The Suez Crisis was an international humiliation that eventually led to the resignation of Eden (portrayed emotionally in the show by Jeremy Northam) and the rise of America on the international stage, according to the same Vanity Fair piece. And showrunner Peter Morgan was very intentional about choosing this particular historical moment to open the second season. In an interview with The Hollywood Reporter, Morgan shared:
"I did get to the point where I thought, 'Actually no, let's leave it on the knife's edge of Suez because Suez feels like a changing point for the country. Britain was never the same again after Suez.' Therefore, I was going to deal with that at the beginning of season two. Which we do."
Mirroring the tumultuous state of politics at the time is the period of discord in the Queen's marriage. Season 2 sees Philip sent off on a five-month tour of the Commonwealth, which the real Duke of Edinburgh actually did undertake, beginning in November of 1956, per Harper's Bazaar. But where the show takes some real liberties is in its suggestion of Philip's infidelities.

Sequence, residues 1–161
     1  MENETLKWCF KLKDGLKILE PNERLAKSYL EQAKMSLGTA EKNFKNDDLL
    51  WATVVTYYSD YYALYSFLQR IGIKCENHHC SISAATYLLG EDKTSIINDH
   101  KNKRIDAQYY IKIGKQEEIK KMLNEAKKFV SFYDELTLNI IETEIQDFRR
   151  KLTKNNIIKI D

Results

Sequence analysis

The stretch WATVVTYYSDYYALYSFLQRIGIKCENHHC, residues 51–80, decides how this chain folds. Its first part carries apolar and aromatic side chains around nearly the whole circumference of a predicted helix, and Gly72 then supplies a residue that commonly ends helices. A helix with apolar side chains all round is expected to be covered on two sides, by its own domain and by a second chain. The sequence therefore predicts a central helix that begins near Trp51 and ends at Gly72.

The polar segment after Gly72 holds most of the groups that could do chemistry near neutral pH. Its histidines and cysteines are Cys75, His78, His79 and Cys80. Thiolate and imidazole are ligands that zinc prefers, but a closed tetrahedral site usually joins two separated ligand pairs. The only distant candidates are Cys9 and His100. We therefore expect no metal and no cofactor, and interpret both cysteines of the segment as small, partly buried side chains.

Though an affair is never shown onscreen, Elizabeth is depicted finding a picture of a ballerina in Philip's briefcase just before he leaves for the tour, suggesting that her husband might be engaged in a romance with another woman. His tour around the world is portrayed almost like a months long bachelor party, with Philip encouraging the men to play games, drink, grow beards, and flirt. At each stop, the Duke dances with a new woman. As the narrative progresses and the chain of women grows longer, it becomes very clear that if Philip isn't actually cheating on Elizabeth, it wouldn't be unreasonable to assume he was.
In real life, there have been whispers and claims in the press that Prince Philip had been unfaithful. Marie Claire reports that rumors of infidelity began swirling in 1948, when it was reported by tabloids that the Duke had been having an affair with actress Patricia Kirkwood (perhaps the inspiration for the ballerina in The Crown). Allegations of the affair have been denied vehemently by both Philip and Kirkwood, and the Queen's husband once famously responded to question about his alleged infidelity by saying, “How could I? I’ve had a detective in my company, night and day, since 1947" according to Vanity Fair.